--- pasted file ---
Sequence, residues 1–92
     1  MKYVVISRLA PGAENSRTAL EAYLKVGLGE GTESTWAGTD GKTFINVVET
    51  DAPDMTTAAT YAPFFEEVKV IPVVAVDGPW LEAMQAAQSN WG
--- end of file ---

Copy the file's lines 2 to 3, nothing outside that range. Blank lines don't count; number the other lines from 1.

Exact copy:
     1  MKYVVISRLA PGAENSRTAL EAYLKVGLGE GTESTWAGTD GKTFINVVET
    51  DAPDMTTAAT YAPFFEEVKV IPVVAVDGPW LEAMQAAQSN WG